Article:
Gender, Manumission, and the Roman Freedwoman examines the distinct problem posed by the manumission of female slaves in ancient Rome. The sexual identities of a female slave and a female citizen were fundamentally incompatible, as the former was principally defined by her sexual availability and the latter by her sexual integrity. Accordingly, those evaluating the manumission process needed to reconcile a woman's experiences as a slave with the expectations and moral rigor required of the female citizen. The figure of the freedwoman - fictionalized and real - provides an extraordinary lens into the matter of how Romans understood, debated, and experienced the sheer magnitude of the transition from slave to citizen, the various social factors that impinged upon this process, and the community stakes in the institution of manumission.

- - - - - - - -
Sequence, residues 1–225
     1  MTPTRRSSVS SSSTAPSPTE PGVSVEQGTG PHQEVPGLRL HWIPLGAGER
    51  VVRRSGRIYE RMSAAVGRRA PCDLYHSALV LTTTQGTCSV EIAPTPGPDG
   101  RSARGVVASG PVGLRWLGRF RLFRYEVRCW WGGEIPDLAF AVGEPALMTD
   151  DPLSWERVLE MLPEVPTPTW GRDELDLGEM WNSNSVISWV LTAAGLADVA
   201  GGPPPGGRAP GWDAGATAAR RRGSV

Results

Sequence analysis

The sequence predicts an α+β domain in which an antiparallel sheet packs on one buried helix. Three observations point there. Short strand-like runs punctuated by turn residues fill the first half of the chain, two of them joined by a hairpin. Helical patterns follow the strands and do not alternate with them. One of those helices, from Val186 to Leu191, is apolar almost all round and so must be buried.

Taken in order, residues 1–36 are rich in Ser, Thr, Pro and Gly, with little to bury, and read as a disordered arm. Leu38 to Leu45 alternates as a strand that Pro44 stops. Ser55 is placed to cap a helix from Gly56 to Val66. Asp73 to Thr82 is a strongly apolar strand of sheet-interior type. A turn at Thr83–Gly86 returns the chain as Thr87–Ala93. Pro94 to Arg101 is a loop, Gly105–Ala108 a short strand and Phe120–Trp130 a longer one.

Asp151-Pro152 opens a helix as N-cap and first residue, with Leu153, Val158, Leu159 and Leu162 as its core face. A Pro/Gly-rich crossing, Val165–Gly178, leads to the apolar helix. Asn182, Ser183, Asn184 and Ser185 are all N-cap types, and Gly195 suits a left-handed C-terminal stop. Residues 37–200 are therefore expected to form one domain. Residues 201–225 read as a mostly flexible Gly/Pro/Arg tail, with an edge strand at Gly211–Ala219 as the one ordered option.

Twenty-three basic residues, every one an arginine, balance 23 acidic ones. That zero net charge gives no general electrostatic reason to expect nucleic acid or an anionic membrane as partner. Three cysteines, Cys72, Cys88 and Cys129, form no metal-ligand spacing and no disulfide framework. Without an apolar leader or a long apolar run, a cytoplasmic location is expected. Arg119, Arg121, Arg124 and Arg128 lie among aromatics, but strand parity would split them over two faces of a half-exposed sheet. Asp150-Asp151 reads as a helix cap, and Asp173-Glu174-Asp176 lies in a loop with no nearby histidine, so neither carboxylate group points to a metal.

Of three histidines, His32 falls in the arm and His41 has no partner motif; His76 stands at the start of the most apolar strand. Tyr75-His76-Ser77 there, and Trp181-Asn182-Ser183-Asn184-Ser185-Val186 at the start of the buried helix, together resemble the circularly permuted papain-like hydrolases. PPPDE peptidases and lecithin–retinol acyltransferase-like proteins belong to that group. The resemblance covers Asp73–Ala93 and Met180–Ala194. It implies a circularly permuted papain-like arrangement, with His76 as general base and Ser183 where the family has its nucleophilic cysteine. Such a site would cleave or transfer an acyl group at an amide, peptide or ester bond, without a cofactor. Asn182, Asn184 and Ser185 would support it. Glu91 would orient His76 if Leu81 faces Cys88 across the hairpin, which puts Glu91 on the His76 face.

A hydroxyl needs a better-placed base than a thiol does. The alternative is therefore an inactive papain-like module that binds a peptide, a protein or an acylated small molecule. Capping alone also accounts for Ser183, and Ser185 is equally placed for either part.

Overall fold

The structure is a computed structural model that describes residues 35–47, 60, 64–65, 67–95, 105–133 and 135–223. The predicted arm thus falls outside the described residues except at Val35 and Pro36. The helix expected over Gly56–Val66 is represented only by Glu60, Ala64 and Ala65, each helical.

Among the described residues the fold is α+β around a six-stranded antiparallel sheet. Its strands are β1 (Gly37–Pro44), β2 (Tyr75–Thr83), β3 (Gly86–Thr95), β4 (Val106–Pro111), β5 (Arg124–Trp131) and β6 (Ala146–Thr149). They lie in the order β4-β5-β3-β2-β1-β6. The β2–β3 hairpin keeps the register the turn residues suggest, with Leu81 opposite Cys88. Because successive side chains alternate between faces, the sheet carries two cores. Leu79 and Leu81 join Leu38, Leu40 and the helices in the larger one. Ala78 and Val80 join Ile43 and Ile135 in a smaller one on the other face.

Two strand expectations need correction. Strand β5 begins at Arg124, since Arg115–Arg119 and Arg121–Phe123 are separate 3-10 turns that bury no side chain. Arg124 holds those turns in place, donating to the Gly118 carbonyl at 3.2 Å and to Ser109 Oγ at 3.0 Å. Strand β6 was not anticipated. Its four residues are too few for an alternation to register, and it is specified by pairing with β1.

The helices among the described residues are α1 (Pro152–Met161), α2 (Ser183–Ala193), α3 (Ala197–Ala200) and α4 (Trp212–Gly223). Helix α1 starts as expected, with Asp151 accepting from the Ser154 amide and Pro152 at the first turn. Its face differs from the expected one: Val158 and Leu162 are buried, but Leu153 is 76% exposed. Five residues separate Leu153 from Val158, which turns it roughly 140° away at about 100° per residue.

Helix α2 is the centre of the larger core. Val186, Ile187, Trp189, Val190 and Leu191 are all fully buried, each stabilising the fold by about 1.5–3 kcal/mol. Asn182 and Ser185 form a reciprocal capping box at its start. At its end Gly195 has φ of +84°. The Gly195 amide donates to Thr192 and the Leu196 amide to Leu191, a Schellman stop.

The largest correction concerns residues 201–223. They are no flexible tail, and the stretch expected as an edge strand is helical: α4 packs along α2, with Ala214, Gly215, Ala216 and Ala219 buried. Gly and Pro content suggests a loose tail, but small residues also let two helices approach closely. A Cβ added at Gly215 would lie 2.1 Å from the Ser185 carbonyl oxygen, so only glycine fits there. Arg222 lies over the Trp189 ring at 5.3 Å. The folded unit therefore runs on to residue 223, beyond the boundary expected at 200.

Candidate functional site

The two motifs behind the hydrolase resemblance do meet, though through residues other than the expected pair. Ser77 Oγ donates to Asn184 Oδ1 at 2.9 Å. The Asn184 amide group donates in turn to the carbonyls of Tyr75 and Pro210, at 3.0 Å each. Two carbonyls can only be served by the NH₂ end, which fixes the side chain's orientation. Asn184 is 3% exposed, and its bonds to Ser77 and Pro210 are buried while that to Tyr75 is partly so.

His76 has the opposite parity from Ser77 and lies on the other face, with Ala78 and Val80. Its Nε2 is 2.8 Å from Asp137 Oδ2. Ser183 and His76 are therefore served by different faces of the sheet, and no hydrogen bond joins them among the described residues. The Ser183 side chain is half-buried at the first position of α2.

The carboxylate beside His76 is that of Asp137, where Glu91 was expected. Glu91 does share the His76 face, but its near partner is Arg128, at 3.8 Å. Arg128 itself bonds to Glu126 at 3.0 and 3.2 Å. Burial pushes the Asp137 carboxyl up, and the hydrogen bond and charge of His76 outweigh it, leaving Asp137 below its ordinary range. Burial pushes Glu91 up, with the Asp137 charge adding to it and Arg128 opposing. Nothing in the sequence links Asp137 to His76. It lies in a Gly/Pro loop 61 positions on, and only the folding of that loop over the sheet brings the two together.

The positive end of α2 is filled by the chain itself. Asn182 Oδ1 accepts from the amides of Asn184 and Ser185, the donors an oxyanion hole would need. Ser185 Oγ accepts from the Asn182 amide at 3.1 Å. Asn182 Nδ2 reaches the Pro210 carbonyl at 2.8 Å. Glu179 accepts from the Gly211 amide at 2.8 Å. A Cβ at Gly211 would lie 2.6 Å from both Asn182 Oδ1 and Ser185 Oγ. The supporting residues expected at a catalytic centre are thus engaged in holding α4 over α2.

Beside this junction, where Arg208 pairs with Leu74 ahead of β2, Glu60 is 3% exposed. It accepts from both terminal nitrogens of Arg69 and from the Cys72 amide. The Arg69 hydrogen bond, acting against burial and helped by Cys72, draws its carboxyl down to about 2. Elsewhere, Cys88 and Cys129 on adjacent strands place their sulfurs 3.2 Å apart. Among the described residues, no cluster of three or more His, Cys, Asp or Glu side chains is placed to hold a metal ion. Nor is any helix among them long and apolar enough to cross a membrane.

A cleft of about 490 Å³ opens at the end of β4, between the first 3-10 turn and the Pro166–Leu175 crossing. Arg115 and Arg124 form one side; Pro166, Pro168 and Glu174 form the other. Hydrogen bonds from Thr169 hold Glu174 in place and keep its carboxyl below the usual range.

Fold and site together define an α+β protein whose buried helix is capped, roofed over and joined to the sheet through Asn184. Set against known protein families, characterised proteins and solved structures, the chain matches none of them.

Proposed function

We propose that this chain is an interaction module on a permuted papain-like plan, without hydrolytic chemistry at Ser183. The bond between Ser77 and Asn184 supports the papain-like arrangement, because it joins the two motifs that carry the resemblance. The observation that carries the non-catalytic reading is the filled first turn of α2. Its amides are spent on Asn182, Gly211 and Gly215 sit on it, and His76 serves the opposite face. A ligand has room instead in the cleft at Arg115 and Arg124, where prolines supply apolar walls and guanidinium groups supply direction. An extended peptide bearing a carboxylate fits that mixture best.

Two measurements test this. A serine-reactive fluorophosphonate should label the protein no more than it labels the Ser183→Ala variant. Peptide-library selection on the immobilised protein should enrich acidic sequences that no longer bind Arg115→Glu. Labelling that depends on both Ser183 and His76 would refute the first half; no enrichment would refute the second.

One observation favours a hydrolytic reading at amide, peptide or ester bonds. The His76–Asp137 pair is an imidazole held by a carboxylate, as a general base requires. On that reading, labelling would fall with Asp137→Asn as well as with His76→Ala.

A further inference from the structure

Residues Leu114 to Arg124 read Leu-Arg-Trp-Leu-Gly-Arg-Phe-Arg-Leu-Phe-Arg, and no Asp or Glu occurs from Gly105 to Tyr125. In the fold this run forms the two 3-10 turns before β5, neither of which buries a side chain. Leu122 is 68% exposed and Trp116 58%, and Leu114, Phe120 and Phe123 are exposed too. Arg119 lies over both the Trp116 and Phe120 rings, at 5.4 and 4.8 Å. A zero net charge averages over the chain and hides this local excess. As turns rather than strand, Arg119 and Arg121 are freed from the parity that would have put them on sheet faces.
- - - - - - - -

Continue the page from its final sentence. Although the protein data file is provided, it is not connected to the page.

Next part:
Matthew J. Perry is Assistant Professor of History at John Jay College of Criminal Justice, City University of New York. His research focuses on Roman social history, especially issues related to gender, sexuality, law, and social status. He is the recipient of PSC-CUNY Research Awards (2009-13). His work has appeared in the Ancient History Bulletin.
1. Gender, sexuality, and the standing of female slaves; 2. Gender, labor, and the manumission of female slaves; 3. The patron-freedwoman relationship in Roman law; 4. The patron-freedwoman relationship in funerary inscriptions; 5. The slavish free woman and the citizen community.